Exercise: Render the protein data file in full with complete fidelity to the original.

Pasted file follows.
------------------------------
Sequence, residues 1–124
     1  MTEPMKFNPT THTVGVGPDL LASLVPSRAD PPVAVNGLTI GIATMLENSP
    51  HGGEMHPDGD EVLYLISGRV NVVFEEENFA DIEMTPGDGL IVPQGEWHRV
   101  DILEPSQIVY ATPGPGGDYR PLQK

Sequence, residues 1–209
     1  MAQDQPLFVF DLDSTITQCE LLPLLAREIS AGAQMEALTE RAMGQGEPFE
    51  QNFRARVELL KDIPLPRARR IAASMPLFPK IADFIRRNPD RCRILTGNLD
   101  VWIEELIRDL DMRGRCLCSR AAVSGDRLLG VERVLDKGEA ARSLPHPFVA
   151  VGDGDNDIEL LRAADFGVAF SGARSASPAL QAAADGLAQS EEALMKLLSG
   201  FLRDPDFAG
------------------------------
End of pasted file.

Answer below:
Sequence, residues 1–124
     1  MTEPMKFNPT THTVGVGPDL LASLVPSRAD PPVAVNGLTI GIATMLENSP
    51  HGGEMHPDGD EVLYLISGRV NVVFEEENFA DIEMTPGDGL IVPQGEWHRV
   101  DILEPSQIVY ATPGPGGDYR PLQK

Sequence, residues 1–209
     1  MAQDQPLFVF DLDSTITQCE LLPLLAREIS AGAQMEALTE RAMGQGEPFE
    51  QNFRARVELL KDIPLPRARR IAASMPLFPK IADFIRRNPD RCRILTGNLD
   101  VWIEELIRDL DMRGRCLCSR AAVSGDRLLG VERVLDKGEA ARSLPHPFVA
   151  VGDGDNDIEL LRAADFGVAF SGARSASPAL QAAADGLAQS EEALMKLLSG
   201  FLRDPDFAG